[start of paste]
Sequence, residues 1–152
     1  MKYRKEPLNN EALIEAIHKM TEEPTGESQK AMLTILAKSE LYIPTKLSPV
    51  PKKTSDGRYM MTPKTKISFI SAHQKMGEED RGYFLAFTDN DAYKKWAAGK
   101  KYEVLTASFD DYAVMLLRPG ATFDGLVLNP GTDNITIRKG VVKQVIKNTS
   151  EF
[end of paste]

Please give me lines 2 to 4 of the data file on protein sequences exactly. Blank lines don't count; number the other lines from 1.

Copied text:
     1  MKYRKEPLNN EALIEAIHKM TEEPTGESQK AMLTILAKSE LYIPTKLSPV
    51  PKKTSDGRYM MTPKTKISFI SAHQKMGEED RGYFLAFTDN DAYKKWAAGK
   101  KYEVLTASFD DYAVMLLRPG ATFDGLVLNP GTDNITIRKG VVKQVIKNTS